Loyalty Programs - Not that easy to manage and maintain

by Deepak Sharma on Saturday, August 04, 2007

Knowledge @ WPCarey has a good article on how it is not so easy to maintain Loyalty Programs. US citizens are now holding 1.3 billion loyalty program memberships today, up from 973 million in 2000 which roughly means dozen cards per household. Loyalty programs can be very successful in attracting and retaining users but their real strength lies in analyzing the customer's spending habit and utilizing the same to provide services which drive consumers to spend more. For example:

Your purchase is stored in a database which records everything you buy and have previously bought. With the resultant mountains of data that accrue over time, a company can bring data mining and analytics to bear to isolate trends and patterns. That data may be applied at a macro level where a store will, for example, see that people buying upscale bread also like fine cheeses and may, thus, conveniently place the two next to each other. On a micro level, stores send coupons to individuals for specific products based on their own personal shopping history.

In addition, tracking sales per individual lets a company see who's profitable and who isn't. Casino loyalty programs look for high-spending customers who are good losers; not surprisingly, more effort is put into attracting and retaining them versus gamblers who know when to hold and when to fold.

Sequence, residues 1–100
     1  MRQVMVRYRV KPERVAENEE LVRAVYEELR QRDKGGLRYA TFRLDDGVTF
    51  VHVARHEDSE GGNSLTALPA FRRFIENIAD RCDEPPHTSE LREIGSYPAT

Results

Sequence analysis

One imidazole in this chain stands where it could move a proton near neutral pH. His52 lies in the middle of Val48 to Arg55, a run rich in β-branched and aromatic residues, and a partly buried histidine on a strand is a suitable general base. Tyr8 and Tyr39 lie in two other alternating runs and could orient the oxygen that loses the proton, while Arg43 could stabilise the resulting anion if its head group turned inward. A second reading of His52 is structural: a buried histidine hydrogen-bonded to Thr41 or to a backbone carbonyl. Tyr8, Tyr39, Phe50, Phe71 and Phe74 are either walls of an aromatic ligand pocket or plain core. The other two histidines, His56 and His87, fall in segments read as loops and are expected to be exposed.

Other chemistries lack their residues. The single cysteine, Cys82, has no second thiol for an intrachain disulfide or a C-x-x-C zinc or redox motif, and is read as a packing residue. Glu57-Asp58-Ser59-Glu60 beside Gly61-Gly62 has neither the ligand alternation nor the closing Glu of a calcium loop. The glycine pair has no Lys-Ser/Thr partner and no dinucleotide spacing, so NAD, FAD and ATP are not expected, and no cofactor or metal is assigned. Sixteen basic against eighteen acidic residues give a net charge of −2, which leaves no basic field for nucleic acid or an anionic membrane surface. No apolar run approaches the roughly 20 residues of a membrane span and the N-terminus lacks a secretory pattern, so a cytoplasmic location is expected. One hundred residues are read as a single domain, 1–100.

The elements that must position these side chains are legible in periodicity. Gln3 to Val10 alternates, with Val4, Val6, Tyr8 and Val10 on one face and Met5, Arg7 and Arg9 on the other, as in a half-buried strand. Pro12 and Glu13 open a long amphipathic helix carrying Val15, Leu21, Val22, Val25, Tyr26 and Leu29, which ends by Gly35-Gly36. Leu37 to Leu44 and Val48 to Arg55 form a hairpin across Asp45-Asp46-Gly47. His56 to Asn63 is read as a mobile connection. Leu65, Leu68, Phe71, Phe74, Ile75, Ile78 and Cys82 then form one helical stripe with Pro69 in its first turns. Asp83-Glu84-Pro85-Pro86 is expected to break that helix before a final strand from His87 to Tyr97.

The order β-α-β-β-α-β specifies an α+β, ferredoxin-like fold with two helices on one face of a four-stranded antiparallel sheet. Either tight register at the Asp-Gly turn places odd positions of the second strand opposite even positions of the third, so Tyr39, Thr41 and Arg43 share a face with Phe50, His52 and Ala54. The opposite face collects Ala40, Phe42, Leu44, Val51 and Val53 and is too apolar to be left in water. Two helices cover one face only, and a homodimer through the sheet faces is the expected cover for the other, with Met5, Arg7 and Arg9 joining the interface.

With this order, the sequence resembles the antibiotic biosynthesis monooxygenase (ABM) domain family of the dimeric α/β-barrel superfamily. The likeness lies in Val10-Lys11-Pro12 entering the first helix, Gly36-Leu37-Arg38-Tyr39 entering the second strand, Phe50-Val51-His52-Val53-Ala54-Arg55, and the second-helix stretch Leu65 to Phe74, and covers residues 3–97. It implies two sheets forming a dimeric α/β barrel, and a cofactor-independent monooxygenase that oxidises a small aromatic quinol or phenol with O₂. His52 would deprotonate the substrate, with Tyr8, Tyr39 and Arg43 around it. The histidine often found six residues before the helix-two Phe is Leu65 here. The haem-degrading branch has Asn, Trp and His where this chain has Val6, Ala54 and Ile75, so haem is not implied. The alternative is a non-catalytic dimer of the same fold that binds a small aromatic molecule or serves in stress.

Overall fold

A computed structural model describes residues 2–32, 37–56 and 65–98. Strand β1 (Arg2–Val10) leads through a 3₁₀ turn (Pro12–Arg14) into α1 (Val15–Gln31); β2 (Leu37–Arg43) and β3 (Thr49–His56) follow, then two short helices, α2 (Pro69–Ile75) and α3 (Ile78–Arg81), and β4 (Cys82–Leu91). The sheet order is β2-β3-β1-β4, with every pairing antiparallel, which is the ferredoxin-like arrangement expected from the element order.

But Loyalty programs comes at a price. The Technology behind effectively running the same involves storing a lot of data and analyzing the same which is something not every retailer can afford. [Emphasis mine] 

Creating and administering the technology behind the loyalty program likely amounts to millions of dollars in costs which need to be offset by significant gains to justify the investment.

"In IT, we're always looking at whether the investment you're making in the technology is worth what you're getting out of it in the end," says Goul who notes that Albertsons will not suddenly be in the dark with respect to data gathering. It's true that abandoning the loyalty program precludes the ability to track individuals, but every time an item is scanned at the checkout and a receipt is created, it's logged into the system. It may not create as much data as the loyalty program but it still produces an awful lot.

To sum up, the article states the bottom line as:

  • Loyalty programs may seem to be just about saving a few cents, but for companies they are they key that lets them gather valuable data about customers' buying habits.
  • Implementing and running a loyalty program is largely about setting up hardware and software. However, deriving true value from it means that the larger organization must be involved and adapt to insights obtained from the program's data.
  • Even without individual loyalty programs, stores can draw on lots of data from transactions that still provide fertile ground for analysis.
  • Many loyalty programs don't give customers a real reason to be loyal because companies do not make prizes or rewards significant enough to keep customers' interest.
  • Unless a company truly commits to using and exploiting its loyalty program, it can be a costly and time-consuming waste of resources.